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Trotter, A. (2019). Approaching Psychoanalysis as a Subversive Phenomenon. Fort Da, 25(1):43-55.

(2019). Fort Da, 25(1):43-55

Approaching Psychoanalysis as a Subversive Phenomenon

Amber Trotter, Psy.D.

Part 1: Foundations

In the current moment of upheaval, many analytic thinkers and clinicians are experiencing renewed sensitivity to the sociopolitical dimensions of clinical practice and a desire to participate in radical politics. In the attempt to engage in sociopolitical discourse and action in useful, responsible ways, questions emerge about the basis for psychoanalysis's radical potential. What might be intrinsically subversive about psychoanalysis — beyond issues of basic dignity and compassion? The barbarism of the current administration and cultural climate is such that opposition to it can feel like the paramount task. Yet outrage at atrocity is not necessarily radical. Like so many other progressives today, analytic thinkers risk collapsing all leftist agendas.

At its inception, psychoanalysis offered something radical, subverting hegemonic values and views, including the prevailing conceptualization of the human psyche (Aron & Starr, 2012; Lear, 1998; Zaretsky, 2015). Undermining prevailing epistemological claims, Freud's clinical work demonstrated plainly that “the intellect is a relatively weak player in the theater of the mind” (Carnochan, 2001, p. 100). As much a theory of society as of psyche, psychoanalysis revealed the human tendency towards complicity in our own enslavement. Analytic illumination of the dialectical processes of internalization, along with reification of the social order, rendered analytic concepts vital to “many if not all of the great progressive currents of the twentieth century” (Zaretsky, 2015, p. 2). In other words, in its early years, psychoanalysis appeared intimately linked to radical politics.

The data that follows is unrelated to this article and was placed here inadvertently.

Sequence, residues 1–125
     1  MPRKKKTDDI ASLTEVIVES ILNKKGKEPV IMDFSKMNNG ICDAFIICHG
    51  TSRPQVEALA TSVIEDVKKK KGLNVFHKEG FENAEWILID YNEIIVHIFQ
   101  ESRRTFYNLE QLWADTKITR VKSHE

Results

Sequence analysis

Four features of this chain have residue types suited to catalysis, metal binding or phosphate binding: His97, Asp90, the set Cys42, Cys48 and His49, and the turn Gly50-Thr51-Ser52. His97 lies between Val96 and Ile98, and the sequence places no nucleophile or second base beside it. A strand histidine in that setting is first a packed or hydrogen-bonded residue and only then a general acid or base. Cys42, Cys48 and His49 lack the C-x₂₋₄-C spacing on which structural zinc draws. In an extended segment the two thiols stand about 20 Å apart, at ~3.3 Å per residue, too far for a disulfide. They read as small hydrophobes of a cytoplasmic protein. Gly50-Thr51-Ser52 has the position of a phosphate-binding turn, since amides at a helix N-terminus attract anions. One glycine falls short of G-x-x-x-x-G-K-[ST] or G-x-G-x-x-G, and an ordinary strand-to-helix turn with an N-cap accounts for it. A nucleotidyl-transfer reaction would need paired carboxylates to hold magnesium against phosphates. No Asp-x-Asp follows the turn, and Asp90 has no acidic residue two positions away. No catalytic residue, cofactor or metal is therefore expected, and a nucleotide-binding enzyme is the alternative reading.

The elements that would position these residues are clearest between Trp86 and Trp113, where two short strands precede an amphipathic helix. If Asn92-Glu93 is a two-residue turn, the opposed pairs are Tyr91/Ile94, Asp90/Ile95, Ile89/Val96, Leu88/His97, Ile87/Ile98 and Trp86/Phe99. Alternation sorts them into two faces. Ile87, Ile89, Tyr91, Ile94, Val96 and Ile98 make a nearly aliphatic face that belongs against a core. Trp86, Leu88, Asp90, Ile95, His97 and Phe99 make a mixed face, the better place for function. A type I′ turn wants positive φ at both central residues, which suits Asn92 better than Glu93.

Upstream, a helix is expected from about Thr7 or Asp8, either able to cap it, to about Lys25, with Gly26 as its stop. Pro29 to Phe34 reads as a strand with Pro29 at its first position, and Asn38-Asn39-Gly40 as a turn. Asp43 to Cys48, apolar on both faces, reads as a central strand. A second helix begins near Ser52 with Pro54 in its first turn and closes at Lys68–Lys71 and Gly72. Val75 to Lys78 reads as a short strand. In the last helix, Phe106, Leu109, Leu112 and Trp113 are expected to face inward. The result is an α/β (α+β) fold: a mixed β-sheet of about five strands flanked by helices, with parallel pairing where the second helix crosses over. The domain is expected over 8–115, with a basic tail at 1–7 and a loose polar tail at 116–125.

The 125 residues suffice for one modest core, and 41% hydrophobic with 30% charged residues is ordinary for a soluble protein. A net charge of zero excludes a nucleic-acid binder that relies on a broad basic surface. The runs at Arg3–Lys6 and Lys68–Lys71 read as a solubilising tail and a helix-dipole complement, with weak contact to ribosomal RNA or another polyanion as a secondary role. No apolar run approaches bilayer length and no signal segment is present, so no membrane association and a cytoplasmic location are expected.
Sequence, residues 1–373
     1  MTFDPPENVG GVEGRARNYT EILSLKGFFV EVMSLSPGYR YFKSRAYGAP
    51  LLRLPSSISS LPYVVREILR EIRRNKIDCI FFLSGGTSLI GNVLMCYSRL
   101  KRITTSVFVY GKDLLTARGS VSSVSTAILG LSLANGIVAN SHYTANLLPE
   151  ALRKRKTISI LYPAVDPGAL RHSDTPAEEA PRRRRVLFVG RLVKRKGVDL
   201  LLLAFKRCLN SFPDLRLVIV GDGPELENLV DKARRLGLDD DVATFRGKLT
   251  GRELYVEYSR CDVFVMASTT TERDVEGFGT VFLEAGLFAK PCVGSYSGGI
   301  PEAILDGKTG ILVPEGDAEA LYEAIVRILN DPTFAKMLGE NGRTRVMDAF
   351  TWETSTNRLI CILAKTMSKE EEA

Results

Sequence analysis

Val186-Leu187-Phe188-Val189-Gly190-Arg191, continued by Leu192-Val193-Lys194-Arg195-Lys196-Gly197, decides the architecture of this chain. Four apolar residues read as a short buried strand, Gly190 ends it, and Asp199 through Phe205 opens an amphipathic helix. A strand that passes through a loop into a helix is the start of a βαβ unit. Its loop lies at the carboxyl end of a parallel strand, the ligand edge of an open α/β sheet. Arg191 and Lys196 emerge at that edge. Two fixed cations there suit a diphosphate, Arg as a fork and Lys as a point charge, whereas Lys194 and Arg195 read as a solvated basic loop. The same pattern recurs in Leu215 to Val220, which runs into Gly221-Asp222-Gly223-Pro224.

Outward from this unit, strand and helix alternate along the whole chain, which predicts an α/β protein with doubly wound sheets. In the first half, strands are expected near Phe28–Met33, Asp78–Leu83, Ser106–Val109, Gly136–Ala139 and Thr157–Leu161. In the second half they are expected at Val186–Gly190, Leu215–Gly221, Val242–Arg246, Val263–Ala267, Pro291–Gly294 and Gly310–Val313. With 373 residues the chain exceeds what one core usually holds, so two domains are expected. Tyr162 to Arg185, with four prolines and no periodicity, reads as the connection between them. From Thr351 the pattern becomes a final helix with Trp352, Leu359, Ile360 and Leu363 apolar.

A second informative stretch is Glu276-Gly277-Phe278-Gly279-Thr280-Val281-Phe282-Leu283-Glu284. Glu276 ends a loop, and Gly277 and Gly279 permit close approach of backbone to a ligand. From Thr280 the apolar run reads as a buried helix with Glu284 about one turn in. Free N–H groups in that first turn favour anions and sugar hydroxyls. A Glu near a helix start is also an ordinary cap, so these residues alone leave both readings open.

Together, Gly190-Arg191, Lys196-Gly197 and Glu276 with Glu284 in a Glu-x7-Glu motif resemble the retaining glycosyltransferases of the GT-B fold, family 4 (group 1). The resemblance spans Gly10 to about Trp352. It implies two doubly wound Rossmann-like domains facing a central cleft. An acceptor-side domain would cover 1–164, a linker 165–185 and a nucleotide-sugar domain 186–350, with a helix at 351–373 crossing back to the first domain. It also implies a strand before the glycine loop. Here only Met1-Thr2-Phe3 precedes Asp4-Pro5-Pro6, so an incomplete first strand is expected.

In contrast, as is well known, the second half of the 20th Century witnessed a psychoanalysis marked by conformity, insularity, divisiveness, cultural ascendance, and subsequent marginalization. This suppressed — if not extinguished — psychoanalysis's subversive potential. Analytic therapy became an elitist enterprise, often promulgating rigid and oppressive social norms (Aron and Starr, 2012; Jacoby, 1983).

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